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Old 01-21-2008, 11:04 PM
 
Location: The 12th State
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I was born in January 1972 and curious what was life was like for my parents of that year. If you remember it well feel free to share.
The good things, the bad things what was popular, what did you enjoy and what did you hate.

Last edited by SunnyKayak; 04-05-2014 at 04:51 AM..
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Old 01-22-2008, 06:46 AM
 
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Well i was around 8 or 9 back then. I remember we watched Charlies Angels and Starsky and Hutch on Prime Time TV back then. I also watched The Partridge Family and The Brady Bunch as after school favorates on TV also.

I remember the long gas lines at the Gas Stations back then whenever my parents pulled our Station Wagon in to fill up as the oil embargo against the U.S. made it tough to get fuel.

I remember when my dad managed a Dennys resturaunt and there was a Juke Box in there as i loved to put in quarters in it to hear my favorate songs and also going to watch my dad Bowl in his Bowling league i as would play the Pinball Machines for hours.

One thing i realised since those years is that back then is that people were always more active as our family and friends always went to the parks on the weekends and had cookouts and played basketball, softball and Frisbee Football etc as i would be the most excited when my dad took me to K-Mart and bought me a new Basketball...as there wasn't computers, electronic games, videos or cell phones and we did not sit in front of a TV with 400 cable channels as we have in todays world.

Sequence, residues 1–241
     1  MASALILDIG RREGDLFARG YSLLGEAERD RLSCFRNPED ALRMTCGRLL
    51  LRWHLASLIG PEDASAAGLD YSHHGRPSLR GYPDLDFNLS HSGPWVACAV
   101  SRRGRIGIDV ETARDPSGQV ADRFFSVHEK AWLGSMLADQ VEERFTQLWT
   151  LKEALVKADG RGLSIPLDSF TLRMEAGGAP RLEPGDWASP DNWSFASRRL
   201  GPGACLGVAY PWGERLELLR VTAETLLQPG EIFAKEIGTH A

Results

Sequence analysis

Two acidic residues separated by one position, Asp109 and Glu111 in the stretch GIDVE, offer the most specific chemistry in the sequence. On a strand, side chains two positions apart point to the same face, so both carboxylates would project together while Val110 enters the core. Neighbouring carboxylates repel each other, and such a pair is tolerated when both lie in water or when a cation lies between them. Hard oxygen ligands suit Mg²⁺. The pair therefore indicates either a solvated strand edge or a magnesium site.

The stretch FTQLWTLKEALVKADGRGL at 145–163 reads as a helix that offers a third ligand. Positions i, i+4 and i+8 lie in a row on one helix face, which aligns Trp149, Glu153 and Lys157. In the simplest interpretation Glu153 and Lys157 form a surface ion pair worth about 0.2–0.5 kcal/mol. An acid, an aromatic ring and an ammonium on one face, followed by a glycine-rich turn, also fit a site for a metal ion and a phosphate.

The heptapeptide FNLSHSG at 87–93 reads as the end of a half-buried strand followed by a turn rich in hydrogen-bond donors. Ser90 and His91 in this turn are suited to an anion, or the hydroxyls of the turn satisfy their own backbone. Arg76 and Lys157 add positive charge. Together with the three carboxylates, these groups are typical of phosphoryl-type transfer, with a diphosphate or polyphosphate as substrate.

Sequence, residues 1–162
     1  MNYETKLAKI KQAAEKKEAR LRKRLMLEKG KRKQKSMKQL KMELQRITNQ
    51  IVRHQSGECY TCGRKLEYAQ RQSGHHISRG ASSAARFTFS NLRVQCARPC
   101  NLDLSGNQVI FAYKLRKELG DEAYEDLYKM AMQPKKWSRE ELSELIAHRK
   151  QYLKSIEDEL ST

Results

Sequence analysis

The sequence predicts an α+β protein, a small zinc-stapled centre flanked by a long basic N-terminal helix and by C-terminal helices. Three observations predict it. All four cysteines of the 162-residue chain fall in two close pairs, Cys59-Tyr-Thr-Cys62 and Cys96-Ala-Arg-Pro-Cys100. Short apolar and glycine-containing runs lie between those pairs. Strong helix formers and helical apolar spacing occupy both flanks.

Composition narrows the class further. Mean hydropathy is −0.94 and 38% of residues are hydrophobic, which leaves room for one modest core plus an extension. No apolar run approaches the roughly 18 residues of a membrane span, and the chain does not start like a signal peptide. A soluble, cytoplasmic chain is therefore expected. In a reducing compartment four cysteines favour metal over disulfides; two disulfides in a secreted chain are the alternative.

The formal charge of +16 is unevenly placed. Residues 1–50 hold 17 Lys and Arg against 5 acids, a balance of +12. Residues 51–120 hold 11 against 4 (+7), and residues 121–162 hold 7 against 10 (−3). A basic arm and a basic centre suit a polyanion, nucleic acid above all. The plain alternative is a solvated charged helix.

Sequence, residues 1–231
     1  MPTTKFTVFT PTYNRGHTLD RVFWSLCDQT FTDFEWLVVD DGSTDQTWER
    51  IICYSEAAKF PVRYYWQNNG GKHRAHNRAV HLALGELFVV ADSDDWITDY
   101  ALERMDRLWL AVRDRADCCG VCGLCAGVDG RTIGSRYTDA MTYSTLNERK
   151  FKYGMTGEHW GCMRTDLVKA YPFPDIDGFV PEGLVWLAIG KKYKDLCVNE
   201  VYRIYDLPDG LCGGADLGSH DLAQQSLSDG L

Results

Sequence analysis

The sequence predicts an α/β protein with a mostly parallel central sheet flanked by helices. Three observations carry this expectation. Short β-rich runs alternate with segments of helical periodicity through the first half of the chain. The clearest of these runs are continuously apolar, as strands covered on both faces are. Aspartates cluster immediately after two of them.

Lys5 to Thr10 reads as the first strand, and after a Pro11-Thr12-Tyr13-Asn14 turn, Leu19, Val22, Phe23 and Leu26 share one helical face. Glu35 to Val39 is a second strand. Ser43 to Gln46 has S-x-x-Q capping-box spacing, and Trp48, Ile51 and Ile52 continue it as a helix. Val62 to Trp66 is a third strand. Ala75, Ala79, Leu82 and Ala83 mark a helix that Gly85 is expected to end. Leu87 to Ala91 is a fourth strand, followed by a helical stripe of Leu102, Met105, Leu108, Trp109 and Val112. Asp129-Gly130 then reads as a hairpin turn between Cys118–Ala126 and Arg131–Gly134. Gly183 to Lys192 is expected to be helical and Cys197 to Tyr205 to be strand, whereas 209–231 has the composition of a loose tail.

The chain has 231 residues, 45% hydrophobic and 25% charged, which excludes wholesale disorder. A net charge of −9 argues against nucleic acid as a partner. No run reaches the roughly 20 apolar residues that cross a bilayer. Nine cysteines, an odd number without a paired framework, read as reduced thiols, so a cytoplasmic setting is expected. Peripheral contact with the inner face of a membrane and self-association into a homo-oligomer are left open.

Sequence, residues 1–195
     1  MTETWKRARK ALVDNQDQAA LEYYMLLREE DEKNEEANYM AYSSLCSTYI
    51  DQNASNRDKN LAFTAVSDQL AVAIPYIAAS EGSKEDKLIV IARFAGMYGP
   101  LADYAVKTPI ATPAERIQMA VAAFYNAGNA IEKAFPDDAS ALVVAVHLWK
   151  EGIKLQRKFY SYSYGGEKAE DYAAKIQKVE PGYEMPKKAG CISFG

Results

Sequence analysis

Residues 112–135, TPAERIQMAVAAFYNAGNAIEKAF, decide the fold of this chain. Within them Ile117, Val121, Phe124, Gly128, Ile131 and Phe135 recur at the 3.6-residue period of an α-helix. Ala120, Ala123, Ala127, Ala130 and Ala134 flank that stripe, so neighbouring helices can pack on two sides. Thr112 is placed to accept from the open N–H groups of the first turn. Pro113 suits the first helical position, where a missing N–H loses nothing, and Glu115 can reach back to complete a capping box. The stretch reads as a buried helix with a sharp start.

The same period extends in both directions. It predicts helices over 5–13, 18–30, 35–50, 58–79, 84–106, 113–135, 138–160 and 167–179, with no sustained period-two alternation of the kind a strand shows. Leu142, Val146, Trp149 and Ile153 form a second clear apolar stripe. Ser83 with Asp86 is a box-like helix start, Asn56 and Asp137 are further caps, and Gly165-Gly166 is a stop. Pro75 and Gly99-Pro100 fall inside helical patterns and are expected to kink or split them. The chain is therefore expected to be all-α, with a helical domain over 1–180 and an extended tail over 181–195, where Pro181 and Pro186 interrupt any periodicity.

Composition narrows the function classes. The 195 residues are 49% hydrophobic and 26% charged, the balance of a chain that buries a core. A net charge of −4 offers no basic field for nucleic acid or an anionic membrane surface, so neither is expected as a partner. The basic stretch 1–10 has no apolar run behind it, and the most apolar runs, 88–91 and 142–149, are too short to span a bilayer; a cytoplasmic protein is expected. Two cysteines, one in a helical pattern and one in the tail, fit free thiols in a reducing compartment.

I could go on but that's some of the things i recall back in the years you mentioned when i was in the 3rd and 4th grades......
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Old 01-22-2008, 06:57 AM
 
Location: Journey's End
10,189 posts, read 24,995,713 times
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I lived in the Netherlands when you were born, attending graduate school, and watching very litte television. Amsterdam was always springtime, and I was young and eager to change the world. Now, it seems it is winter, more often than not, and I only changed myself.
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Old 01-22-2008, 06:59 AM
 
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Life was pretty great for me back in the early 70's......I don't know if it was just my youth or if things were actually much more safe back then! In 1972 I was a sophomore in High School. Being female, I didn't give it a second thought about going anywhere by myself or even picking up a hitchhiker...I did that quite often! Vietnam protests were going on, women burning their bras, and it seemed everybody had a cause to fight for! The best thing about the 70's was the best music in the history of time was right at your fingertips ( pushing in that 8 track tape )!!! Ahhh, those were the days....seemed like $1 would fill up my yellow vw bug and I could, and did, ride all over the state with my 8 track tape player as loud as I could get it! Funny; I complain about that now! It was a different world back then! FABULOUS......
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Old 01-22-2008, 07:24 AM